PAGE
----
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Best of Mark Pilarski
Deal Me In: Finders keepers? Not in the Commonwealth25 July 2014
That old phrase, John, “finders keepers” seems not apply in Pennsylvania, with many players learning the hard way after cashing a winning voucher found lying on the casino floor.
Both the Gaming Control Board and the State Police have a “tough love” policy that is more than a wrist slap for someone finding and keeping money, playing credits someone left on a slot machine, or cashing in a voucher someone left behind. All are illegal.
Technically, John, keeping anything someone lost without making some effort to return it is illegal anywhere in Pennsylvania. Under PA criminal law, if you unlawfully take or otherwise deprive another of movable property including theft by property lost, mislaid or delivered by mistake, you can be charged. (I wonder if it’s illegal to use the time left on a parking meter.)
It is relatively easy to get caught because, within the walls of a casino, the whole joint is monitored by cameras, making these venues not a smart place for those with sticky fingers. With more than 2,000 cameras providing a view of every square inch, surveillance will catch you picking up a discarded voucher, even if it’s only worth a nickel.
On the other hand, we are talking about a voucher that could be worth mere pennies. There needs to be some gray area here. There is a huge difference between someone who purposely circles the casino looking for orphan credits and “Hey, Marge, look what I found.”
Across state lines in New Jersey, they also do not have a “finders keepers” law, although police in that state say the most a person will traditionally get is a phone call to return the money.
Yours truly always managed by the spirit of the law, and not the letter of it. Go with a wrist slap on the first offense, recoup the money when possible, and with the habitual offender, step up the severity of punishment, including, yes, filing charges and the permanent heave-ho.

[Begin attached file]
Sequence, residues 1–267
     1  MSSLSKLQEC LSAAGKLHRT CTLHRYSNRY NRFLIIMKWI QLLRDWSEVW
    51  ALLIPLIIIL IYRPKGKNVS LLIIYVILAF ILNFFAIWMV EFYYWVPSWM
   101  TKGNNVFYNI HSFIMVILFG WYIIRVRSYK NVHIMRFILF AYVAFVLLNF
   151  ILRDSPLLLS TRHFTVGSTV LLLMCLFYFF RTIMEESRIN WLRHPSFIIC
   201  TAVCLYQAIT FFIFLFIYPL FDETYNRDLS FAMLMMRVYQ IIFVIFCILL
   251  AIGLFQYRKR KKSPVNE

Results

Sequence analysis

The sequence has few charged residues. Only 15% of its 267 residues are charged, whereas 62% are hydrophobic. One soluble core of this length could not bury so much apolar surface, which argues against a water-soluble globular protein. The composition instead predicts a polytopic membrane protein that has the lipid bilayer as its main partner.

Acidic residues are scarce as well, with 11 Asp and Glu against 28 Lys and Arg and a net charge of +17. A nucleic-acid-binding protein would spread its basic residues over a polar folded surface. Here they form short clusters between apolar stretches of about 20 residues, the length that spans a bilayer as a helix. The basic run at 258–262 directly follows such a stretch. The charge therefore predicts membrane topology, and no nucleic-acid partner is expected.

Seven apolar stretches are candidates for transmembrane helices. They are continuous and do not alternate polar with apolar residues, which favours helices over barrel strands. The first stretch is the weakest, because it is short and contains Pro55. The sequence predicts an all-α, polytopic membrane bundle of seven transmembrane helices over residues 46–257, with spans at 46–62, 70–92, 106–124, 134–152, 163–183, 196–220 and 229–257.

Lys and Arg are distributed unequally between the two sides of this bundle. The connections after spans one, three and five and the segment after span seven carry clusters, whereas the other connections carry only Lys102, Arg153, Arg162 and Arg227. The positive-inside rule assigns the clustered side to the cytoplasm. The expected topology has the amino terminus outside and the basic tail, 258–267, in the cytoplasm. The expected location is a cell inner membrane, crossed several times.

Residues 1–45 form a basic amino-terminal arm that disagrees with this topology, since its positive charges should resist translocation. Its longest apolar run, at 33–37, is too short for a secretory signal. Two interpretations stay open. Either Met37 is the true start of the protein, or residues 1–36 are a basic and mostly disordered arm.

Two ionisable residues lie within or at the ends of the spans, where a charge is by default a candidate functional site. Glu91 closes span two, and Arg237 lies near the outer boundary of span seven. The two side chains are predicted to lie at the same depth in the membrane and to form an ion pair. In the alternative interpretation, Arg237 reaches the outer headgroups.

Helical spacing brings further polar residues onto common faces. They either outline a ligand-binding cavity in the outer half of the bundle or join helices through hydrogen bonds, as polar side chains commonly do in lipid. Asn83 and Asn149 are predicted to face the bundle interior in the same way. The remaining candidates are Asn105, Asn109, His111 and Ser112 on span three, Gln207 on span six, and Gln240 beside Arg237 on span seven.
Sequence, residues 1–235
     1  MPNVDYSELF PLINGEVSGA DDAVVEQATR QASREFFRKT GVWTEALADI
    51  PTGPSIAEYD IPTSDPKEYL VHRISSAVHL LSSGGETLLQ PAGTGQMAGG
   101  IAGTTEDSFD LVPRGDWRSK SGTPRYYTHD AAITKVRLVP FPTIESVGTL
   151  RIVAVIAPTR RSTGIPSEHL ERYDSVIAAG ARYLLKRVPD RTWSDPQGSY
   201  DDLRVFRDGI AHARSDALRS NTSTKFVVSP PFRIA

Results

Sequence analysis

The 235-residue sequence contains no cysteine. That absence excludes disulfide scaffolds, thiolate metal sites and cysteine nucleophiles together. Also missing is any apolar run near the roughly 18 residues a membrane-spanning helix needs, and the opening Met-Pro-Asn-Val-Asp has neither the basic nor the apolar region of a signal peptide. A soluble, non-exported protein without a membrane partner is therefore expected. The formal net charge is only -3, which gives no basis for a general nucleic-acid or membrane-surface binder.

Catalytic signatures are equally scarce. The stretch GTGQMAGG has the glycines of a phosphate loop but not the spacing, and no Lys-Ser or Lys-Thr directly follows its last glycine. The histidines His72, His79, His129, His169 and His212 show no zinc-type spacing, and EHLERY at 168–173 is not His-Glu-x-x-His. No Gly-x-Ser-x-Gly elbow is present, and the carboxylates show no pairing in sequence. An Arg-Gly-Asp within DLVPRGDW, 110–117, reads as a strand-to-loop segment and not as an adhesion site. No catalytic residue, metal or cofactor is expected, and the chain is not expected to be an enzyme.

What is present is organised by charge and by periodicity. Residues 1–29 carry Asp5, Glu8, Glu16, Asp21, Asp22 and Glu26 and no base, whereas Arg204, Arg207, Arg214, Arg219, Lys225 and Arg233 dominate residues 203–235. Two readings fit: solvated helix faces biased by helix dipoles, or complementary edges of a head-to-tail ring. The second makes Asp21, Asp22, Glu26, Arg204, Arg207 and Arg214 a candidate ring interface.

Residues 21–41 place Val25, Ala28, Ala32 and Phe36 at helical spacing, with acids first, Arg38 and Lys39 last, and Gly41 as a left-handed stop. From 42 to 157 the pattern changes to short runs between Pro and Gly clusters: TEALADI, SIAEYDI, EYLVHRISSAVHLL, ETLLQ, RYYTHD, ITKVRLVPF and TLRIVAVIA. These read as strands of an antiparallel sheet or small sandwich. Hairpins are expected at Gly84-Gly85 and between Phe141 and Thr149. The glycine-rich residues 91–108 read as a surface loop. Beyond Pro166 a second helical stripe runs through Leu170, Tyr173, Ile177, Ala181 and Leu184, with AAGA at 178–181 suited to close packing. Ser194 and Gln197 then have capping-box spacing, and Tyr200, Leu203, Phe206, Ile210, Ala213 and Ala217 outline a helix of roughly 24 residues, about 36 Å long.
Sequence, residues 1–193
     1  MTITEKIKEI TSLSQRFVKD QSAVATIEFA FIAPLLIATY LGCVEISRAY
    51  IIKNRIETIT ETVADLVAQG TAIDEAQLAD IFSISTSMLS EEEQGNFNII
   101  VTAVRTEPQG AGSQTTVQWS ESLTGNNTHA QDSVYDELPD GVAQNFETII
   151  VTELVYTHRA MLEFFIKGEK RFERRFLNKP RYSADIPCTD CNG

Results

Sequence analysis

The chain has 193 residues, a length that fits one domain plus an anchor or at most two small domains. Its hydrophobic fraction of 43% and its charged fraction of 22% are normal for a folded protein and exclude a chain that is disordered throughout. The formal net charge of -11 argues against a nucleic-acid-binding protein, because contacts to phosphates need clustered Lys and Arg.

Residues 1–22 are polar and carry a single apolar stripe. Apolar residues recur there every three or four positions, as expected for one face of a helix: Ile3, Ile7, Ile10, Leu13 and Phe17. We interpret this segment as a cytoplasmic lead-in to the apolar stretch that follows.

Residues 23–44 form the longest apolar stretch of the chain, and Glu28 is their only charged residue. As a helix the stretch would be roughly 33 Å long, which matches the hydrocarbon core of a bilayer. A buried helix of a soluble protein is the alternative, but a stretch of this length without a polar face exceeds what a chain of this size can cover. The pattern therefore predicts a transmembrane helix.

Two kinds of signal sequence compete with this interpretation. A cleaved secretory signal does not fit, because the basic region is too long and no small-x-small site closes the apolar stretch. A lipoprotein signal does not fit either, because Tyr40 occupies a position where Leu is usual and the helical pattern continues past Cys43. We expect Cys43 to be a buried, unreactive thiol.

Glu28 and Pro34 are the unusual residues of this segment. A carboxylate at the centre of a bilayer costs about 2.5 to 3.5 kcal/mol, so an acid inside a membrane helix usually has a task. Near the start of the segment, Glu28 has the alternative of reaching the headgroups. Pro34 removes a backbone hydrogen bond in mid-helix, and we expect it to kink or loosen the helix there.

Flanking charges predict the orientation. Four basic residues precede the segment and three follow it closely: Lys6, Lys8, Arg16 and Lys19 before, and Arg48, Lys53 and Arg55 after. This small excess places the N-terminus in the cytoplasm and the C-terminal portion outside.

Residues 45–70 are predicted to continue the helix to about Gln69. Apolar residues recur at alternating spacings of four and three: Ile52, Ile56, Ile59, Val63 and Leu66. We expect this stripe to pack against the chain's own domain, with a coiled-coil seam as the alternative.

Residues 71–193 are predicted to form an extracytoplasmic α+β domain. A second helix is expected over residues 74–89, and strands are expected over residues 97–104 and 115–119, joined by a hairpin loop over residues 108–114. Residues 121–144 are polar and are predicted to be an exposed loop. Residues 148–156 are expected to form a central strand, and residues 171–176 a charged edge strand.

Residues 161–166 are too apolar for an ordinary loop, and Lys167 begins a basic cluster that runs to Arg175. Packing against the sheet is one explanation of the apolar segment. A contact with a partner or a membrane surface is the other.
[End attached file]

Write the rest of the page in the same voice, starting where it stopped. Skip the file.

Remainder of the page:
It is also a bit different where I live. Under Michigan law, the first person that finds abandoned property has superior title to everyone else, except the actual owner.
Case in point: Years ago a jury awarded Stella Romanski five cents for the nickel token the casino took from her, $9 for her bus trip and lunch, $270 for compensatory damages for being detained, and $850,000 in punitive damages. The 6th Circuit upheld the verdict, although they reduced the punitive damages to $600,000.
Now for those who think the above is a bit over-the-top, try stiffing a casino in Connecticut. Mohegan Sun and Foxwoods for years placed liens on the homes of patrons with gambling debts. The liens accrued 12 percent interest a year and would cloud the title to said properties, which would affect a homeowner’s ability to sell or refinance.
The bottom line, John, is get to know the state law along with the temperament of casino management where one plays. If you choose to patronize a casino in Pennsylvania, use your own money and not someone else's. Otherwise, your visit might lead to room, food and beverage as a ward of the state. For breakfast, expect runny scrambled eggs, cold hash browns and NOT a Denny’s Grand Slam. “Gentlemen, it’s CHOW TIME!”
Gambling Wisdom of the Week: “By the way, I don't cheat at cards. I don't have to. There's no one easier to beat than a card sharp if you know his twists - and in most games, there's usually one.” – Bret Maverick
(RIP James Gardner, the classiest of all gamblers)
Best of Mark Pilarski